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COVID-19 vaccines and pregnancy: what you should know

Posted on Mar. 26, 2021 ( comments)

Should you get a COVID-19 vaccine if you’re pregnant, breast-feeding or planning to become pregnant? 

At present, there’s no cut-and-dry answer, only guidelines from health experts to help individuals decide what’s best for them. The Centers for Disease Control and Prevention, American College of Obstetricians and Gynecologists (ACOG) and Society for Maternal-Fetal Medicine all agree that the COVID-19 vaccines should be offered to or “not withheld from” people who are pregnant and who are eligible for vaccination.

We spoke with Loren Molina, MD, MultiCare’s Chair of Women’s Health Services for Tacoma General and Allenmore Hospitals, to better understand current guidelines. Dr. Molina is a board-certified obstetrician/gynecologist specializing in maternal-fetal medicine, focusing on patients with high-risk pregnancies. As of March 17, 2021, anyone 16 and older who is pregnant is now eligible for COVID-19 vaccination in the state of Washington.

“Whether or not to get the vaccine is an extremely personal decision,” said Dr. Molina. “Patients should make their own decision after weighing the benefits and risks and having the conversation with their health care provider.”

Data on COVID-19 vaccine safety is still being collected because people who were pregnant were not included in the clinical trials for any of the three vaccines currently approved for emergency use (from Pfizer, Moderna and Johnson & Johnson) in the United States.

“Pregnant women are typically not included in these types of clinical trials, so the data we have on vaccine safety is strictly observational,” said Dr. Molina. “The Centers for Disease Control is monitoring self-reported data from women who were pregnant when they got the vaccine. There have been no adverse effects in the small sample reported so far and more data is coming in all the time.”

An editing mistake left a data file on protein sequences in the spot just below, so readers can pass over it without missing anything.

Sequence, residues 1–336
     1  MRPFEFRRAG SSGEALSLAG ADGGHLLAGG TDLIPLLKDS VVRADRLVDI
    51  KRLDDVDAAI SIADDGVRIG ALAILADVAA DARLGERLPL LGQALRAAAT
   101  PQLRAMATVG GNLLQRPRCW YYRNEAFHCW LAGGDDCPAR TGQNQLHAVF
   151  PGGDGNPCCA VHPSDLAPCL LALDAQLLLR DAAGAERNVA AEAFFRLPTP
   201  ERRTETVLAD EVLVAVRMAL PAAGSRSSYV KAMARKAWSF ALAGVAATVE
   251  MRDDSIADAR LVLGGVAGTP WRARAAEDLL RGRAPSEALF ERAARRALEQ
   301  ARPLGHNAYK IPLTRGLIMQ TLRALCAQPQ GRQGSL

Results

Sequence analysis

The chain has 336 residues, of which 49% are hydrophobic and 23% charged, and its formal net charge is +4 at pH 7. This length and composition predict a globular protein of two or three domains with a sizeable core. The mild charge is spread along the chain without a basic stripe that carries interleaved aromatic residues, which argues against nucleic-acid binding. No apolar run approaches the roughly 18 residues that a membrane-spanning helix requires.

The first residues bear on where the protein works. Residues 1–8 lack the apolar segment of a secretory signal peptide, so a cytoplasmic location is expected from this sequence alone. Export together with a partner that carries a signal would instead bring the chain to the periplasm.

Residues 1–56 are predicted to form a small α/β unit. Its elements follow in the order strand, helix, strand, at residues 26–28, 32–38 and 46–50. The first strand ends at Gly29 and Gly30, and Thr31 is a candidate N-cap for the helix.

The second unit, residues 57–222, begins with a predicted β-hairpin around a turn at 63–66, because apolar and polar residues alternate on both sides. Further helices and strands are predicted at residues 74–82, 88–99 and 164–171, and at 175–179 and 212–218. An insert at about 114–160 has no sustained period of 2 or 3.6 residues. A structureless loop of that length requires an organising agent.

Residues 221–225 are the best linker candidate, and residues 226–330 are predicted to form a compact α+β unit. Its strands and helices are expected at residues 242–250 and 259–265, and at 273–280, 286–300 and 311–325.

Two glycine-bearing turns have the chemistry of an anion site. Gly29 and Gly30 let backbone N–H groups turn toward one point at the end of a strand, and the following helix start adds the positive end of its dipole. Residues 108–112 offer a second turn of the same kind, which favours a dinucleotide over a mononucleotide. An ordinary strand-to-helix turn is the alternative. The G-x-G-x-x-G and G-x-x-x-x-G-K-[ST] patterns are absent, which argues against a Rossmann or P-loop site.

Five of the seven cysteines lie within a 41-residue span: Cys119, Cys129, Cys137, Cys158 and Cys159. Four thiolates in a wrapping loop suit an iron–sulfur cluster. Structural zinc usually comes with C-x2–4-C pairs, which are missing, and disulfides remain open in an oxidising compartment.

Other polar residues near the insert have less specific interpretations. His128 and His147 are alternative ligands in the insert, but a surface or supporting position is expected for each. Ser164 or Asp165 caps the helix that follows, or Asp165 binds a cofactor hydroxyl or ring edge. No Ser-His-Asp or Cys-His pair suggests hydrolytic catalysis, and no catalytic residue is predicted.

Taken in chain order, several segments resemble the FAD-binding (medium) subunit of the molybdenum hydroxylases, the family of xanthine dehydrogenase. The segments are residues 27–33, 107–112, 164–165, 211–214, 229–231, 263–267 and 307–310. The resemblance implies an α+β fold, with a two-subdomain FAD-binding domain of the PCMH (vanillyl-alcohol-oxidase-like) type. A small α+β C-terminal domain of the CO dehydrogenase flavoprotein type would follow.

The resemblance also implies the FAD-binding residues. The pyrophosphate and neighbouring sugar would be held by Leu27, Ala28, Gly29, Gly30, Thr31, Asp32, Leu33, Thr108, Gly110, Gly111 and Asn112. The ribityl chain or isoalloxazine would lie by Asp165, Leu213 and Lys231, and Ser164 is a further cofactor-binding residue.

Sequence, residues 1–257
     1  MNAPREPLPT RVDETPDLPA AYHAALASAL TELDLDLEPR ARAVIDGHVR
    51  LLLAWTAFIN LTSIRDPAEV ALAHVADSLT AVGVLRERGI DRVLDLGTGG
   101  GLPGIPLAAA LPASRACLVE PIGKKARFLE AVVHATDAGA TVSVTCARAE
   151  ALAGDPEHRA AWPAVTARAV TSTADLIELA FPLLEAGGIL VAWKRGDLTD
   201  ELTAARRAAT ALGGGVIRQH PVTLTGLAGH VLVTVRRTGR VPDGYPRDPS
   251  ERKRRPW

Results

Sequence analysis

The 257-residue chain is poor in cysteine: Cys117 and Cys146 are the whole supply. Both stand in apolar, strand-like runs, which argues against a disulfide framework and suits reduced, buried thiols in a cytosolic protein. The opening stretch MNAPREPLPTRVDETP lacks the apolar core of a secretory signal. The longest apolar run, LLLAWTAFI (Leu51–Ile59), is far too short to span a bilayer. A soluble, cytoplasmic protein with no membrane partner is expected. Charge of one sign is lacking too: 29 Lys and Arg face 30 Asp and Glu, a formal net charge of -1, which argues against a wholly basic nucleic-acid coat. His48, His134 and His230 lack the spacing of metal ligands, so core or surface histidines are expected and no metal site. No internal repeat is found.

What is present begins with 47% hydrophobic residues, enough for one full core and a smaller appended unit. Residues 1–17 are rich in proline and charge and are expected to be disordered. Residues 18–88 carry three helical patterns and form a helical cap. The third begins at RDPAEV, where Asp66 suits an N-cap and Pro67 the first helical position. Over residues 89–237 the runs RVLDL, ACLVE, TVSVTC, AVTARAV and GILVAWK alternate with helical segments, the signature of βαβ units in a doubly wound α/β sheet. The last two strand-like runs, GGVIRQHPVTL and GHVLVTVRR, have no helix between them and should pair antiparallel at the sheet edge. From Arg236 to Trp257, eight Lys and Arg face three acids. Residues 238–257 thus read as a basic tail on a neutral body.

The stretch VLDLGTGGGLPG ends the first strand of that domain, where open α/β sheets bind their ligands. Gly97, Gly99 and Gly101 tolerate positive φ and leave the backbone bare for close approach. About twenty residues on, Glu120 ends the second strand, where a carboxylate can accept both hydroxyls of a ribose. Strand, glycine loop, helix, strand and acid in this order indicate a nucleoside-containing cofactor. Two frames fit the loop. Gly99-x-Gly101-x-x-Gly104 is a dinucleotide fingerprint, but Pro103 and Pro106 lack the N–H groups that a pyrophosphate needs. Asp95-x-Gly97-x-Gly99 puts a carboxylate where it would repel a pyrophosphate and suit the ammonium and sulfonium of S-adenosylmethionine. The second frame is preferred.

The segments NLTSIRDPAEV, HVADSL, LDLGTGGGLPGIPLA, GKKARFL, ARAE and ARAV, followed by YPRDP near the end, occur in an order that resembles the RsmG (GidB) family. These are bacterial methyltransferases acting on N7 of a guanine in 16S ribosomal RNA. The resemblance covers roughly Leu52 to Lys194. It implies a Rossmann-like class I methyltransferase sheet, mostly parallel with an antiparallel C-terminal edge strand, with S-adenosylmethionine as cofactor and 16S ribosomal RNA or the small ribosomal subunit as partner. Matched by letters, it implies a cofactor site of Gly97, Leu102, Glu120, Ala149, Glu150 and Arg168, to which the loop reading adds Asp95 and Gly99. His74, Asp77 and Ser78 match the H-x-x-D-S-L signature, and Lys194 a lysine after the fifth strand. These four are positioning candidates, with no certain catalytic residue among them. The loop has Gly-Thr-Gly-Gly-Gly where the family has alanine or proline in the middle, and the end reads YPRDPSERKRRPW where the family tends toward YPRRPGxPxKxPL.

While longer-term studies are underway, there have been no trends showing increased pregnancy complications, such as miscarriages, stillbirth, growth restriction or preterm births, in women who have been vaccinated compared to those who have not, according to the CDC. In general, pregnant people can expect to have the same vaccine side effects as the overall population and these are not considered harmful.

COVID-19 vaccines are also believed to be safe for those who are breast feeding, as well as their babies.  

Vaccinating pregnant patients against disease is not a new practice. For example, it’s routine to give vaccines that prevent flu and Tdap (tetanus, diphtheria, pertussis) to pregnant patients. 

“Flu and Tdap vaccines are 100 percent recommended because we’ve accumulated enough data over many years to know they’re safe,” said Dr. Molina. “Studies looking specifically at pregnant women and the COVID-19 vaccine are now underway and we look forward to getting more information specific to pregnancy in future.”

In deciding whether to get a COVID-19 vaccine, Dr. Molina advises pregnant patients to analyze their specific situation. 

“Have a conversation with your physician that discusses your personal health risk and what your life is like on a daily basis,” she said. “If you’re in a high-risk situation because of your job, your health or your personal life, the benefits of getting vaccinated likely outweigh the potential risks.”

As with the general population, pregnant patients with certain existing conditions such as diabetes, obesity and tobacco use are at higher risk for becoming severely ill if they contract COVID-19, Dr. Molina noted. Even without these conditions, developing symptomatic COVID-19 while pregnant can create a higher overall risk of getting very sick from the virus.

For people who may want to become pregnant in future, Dr. Molina cited a recent statement from the American College of Obstetricians and Gynecologists which dispels the notion that COVID-19 vaccines cause infertility. ACOG stated that “unfounded claims linking COVID-19 vaccines to infertility have been scientifically disproven.” 

As the vaccines have become available, many of Dr. Molina’s pregnant patients, especially front-line health care workers, have been eager to get vaccinated. “Others are choosing not to get vaccinated based on the limited safety data currently available,” she said.

No matter what patients decide, Dr. Molina advises them to continue practicing preventive measures, including hand washing, physical distancing and wearing a mask.

“It’s also important to stay informed as we’re learning more all the time,” said Dr. Molina. 

For more pregnancy and COVID-19 vaccine resources, visit:

Posted in: COVID-19 | Women's Health

About The Author

Jean Jackman

Jean is our former vice president of marketing, She has written hundreds of articles and book reviews for newspapers in Washington, Michigan and Oregon.

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